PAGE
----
Jana Beck is an engineer at Tidepool, where they're trying to reduce the burden of type 1 diabetes through (data) technology. At CascadiaJS: Browser Day, she's going to talk about tools you need to make complex data visualizations sing and dance. Here are Jana's answers to our introductory questions.

Is this your first trip to the Pacific Northwest? Do you have other plans for your trip?

Nope! My parents met as graduate students at the University of Washington, so although I grew up in the Midwest, the PNW was a frequent vacation destination as I was growing up. I've been backpacking all over the Cascades and the Olympics. I'm not sure if I'm going to be able to spend some extra time in Seattle before or after the conference, but I'm hoping to! I really want to check out Seattle's coffee scene.

What does your usual work day look like?

I usually start my day by catching up on e-mail and pull requests over my coffee. I only dive into coding once I'm sufficiently caffeinated. We're working with a lot of health data at Tidepool, so when I'm working on something really data-focused, I'm generally working on code and unit tests simultaneously, TDD-style. Lately I've also been prototyping a new data visualization that we're getting ready to get user feedback on; that's a lot of HTML and CSS, especially CSS animations (which are pretty new to me). I'm almost always listening to something while I code; some favorites for "hacking music" are Brian Eno's ambient music, Daft Punk, Moby, and Yeasayer.

Who in the industry consistently blows you away with wonderful work?

I really love Victor Powell's (interactive) visual explanations of statistical concepts. My favorite is this explanation of conditional probabilities.

Have you worked in industries other than the web?

I spent five years as a Ph.D. student in linguistics studying and modeling the syntax and semantics of Ancient Greek and Hungarian verbal morphology, among other things. My work required me to build a lot of tools to annotate, search, and analyze data in Python. I left the Ph.D. program for my current job in large part because I realized I enjoyed all the tool-making my academic work required far more than the academic work itself.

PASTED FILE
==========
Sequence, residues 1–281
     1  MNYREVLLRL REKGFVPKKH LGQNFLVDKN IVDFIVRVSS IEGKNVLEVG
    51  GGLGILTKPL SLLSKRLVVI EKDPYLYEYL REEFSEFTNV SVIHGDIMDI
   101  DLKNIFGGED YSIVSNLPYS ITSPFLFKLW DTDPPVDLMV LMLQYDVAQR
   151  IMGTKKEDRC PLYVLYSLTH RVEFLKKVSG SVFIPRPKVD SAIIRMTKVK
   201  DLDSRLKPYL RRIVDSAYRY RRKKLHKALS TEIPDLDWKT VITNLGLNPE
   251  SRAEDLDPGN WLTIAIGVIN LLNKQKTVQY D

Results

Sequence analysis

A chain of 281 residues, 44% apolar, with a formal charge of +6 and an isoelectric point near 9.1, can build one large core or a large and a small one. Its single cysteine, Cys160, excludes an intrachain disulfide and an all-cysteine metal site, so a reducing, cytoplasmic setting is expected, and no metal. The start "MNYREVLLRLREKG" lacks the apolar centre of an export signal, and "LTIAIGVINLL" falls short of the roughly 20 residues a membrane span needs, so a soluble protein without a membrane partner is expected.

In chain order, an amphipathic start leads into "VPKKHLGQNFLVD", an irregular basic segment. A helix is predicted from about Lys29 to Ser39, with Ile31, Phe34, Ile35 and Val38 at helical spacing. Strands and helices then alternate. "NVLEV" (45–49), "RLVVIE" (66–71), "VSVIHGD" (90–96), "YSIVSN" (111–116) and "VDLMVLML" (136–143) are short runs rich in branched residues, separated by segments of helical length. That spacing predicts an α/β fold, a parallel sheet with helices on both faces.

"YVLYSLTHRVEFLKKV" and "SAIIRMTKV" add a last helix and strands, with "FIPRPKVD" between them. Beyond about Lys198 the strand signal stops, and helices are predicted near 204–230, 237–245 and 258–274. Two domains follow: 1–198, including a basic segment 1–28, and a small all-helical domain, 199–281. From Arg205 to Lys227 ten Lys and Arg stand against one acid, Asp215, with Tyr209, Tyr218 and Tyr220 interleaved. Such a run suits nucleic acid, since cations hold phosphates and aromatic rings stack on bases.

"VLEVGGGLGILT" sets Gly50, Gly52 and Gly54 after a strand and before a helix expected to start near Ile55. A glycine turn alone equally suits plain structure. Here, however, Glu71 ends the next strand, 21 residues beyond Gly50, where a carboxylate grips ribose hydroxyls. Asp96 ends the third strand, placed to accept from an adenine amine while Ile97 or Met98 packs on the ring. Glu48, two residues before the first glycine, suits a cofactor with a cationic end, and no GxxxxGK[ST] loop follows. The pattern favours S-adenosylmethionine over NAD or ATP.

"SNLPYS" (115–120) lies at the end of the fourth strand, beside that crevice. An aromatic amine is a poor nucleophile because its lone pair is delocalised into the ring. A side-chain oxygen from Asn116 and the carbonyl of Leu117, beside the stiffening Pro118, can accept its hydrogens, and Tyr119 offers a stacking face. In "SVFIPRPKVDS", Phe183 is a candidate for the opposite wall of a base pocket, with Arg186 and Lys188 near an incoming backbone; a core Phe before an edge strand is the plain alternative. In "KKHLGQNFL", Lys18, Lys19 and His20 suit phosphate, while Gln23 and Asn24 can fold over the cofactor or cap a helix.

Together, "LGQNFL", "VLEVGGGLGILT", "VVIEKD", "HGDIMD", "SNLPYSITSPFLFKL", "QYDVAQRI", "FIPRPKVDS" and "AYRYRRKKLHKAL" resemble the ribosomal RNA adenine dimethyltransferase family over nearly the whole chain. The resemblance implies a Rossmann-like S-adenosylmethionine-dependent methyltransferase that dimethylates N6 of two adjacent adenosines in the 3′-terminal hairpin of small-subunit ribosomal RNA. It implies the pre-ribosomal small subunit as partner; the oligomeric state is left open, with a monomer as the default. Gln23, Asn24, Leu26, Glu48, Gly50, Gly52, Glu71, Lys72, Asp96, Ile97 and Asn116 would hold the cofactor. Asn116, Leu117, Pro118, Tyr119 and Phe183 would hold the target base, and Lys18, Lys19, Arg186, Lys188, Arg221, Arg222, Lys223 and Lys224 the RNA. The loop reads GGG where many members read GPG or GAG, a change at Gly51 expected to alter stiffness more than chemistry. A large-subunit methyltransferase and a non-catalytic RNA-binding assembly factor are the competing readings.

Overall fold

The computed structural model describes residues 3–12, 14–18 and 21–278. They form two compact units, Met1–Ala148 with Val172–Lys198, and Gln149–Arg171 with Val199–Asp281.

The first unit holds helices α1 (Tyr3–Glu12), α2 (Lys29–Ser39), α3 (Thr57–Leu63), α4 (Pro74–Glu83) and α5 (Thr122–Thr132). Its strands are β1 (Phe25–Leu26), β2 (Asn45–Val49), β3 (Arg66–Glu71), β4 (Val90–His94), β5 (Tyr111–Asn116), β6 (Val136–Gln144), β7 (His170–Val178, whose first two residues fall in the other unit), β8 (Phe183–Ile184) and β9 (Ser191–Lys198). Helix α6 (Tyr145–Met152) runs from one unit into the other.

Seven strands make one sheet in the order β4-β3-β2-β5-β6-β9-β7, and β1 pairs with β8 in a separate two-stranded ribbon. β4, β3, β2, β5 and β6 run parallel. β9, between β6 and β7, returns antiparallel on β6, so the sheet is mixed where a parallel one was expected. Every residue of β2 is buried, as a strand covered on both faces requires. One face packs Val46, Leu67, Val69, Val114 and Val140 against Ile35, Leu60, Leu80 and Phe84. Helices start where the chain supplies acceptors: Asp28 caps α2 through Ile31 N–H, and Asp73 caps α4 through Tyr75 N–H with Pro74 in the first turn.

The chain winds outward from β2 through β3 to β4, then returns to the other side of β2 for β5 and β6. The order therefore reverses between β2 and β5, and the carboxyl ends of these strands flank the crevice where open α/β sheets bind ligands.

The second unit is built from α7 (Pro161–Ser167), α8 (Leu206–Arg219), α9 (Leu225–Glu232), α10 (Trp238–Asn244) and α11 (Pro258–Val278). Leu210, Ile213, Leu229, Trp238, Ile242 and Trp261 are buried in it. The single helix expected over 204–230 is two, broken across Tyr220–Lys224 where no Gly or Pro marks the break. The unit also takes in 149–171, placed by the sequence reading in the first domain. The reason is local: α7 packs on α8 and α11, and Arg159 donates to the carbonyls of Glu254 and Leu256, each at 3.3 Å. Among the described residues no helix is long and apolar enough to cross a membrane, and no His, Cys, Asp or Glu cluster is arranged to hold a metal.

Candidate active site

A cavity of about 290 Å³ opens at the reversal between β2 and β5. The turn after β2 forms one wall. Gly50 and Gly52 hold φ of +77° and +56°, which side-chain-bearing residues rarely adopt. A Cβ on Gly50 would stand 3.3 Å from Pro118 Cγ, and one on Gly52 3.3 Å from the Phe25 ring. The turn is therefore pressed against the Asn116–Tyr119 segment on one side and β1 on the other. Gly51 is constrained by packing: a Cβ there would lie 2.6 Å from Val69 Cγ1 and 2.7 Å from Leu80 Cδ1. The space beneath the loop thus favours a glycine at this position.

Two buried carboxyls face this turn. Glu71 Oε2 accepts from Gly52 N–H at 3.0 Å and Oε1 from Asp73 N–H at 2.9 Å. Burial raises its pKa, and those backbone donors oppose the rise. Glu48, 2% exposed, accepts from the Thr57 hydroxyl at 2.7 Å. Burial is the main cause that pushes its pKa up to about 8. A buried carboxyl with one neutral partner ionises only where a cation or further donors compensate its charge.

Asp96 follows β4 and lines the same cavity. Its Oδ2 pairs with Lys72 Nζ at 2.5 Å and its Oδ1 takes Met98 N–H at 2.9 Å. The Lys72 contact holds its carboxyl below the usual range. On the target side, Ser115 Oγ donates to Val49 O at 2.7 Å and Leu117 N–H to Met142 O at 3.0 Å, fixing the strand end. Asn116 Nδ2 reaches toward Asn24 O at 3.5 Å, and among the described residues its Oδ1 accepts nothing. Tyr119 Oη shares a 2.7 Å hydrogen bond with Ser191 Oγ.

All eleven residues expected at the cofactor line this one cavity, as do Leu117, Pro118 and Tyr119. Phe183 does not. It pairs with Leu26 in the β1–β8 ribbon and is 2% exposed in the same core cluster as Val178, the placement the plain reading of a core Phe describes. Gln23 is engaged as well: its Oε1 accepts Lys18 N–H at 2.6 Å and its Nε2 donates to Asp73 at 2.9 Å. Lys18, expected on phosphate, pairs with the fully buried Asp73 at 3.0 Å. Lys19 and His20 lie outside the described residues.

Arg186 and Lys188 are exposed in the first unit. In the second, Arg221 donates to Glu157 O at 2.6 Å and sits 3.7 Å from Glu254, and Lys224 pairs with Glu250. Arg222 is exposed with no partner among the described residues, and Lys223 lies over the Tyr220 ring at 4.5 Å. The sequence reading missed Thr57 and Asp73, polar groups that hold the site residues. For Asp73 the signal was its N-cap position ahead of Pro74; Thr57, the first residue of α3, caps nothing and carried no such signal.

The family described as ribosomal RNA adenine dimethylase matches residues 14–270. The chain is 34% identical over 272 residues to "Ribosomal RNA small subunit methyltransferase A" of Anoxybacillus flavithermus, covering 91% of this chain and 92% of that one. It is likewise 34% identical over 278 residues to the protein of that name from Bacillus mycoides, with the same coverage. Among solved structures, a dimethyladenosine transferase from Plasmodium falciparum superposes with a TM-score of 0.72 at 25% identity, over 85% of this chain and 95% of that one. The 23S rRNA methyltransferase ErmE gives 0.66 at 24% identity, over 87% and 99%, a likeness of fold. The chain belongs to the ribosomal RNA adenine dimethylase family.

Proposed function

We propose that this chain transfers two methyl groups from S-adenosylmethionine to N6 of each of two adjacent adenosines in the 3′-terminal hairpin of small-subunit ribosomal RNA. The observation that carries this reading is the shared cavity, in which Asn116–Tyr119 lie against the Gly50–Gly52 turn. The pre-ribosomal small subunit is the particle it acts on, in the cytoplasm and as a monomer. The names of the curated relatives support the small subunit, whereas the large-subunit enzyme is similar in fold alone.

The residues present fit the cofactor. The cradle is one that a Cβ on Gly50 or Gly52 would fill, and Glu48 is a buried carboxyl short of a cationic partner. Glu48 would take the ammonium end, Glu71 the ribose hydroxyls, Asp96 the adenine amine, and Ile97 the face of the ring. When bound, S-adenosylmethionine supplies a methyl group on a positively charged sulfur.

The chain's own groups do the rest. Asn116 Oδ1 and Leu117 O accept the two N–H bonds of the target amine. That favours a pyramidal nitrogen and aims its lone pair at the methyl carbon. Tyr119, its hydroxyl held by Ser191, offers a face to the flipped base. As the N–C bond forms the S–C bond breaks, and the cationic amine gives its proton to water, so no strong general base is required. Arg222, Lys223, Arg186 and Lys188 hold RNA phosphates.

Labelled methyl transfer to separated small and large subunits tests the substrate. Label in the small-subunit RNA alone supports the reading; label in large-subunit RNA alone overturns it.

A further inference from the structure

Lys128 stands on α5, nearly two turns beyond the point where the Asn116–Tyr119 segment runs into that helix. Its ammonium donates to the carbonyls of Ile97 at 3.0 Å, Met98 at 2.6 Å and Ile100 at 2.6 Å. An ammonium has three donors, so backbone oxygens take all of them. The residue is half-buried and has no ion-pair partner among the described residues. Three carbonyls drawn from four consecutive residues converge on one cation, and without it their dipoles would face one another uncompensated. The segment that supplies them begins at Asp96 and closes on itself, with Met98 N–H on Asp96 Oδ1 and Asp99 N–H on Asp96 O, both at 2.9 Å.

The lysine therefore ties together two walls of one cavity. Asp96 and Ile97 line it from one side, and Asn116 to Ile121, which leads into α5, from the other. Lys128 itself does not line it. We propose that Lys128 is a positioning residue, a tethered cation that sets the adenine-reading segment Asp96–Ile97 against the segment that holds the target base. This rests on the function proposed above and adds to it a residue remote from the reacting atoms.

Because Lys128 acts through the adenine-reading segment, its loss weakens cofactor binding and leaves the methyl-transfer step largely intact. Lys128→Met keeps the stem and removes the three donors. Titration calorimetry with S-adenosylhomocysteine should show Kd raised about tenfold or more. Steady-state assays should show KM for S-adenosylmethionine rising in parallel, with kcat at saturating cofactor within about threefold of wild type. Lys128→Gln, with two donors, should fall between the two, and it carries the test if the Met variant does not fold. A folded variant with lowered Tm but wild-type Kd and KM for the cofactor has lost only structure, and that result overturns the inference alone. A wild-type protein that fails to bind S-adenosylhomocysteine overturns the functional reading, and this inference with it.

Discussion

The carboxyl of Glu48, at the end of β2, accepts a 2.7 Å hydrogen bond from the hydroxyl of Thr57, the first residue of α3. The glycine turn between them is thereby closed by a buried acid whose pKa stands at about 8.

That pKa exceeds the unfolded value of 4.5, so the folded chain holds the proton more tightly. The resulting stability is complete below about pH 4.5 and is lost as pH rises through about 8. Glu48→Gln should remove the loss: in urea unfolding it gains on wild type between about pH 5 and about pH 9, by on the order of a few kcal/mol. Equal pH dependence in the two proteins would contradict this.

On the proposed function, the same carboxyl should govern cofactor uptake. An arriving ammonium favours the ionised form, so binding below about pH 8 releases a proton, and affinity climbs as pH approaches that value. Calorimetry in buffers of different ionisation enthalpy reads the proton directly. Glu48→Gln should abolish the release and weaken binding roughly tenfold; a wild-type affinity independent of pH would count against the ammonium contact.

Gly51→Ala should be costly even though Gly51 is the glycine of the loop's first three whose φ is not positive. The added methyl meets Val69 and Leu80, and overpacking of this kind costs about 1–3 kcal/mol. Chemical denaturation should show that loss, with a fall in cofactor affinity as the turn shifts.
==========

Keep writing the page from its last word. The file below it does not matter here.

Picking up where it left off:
What does your dream job look like?

I really love what I do currently, both in terms of what my job requires from me technically and in that the mission is very close to my heart, as a person living with type 1 diabetes. But we're a small start-up, so we often have to make tough decisions and compromises around the function(s) of our apps in order to keep them to the minimum viable so we can ship. My dream would be to keep doing what I do but be able to design things - both in terms of app functionality and under-the-hood architecture - with a grander vision and for the longer term.

Do you knit, play the banjo, make beer, climb rocks or do anything that isn't on a computer?

Since the beginning of the year, I've been enrolled in the adult program at the Academy of Ballet in San Francisco. A lot of people that know me would probably be completely unsurprised to learn that an activity centered around making pretty shapes with your body in repetitive and obsessively symmetrical patterns appeals to me.

Is there anything else you'd like us to know about you?

I'm a movie nerd, and I still get DVDs from Netflix. I am told that this latter fact makes me "weird."

Oh, and as a person with diabetes, I wear a couple of pieces of technology (an insulin pump and a continuous glucose monitor) that are sometimes pretty obvious. It's OK to ask me about them! I'm happy to explain what they are/how they work/how they make my life easier.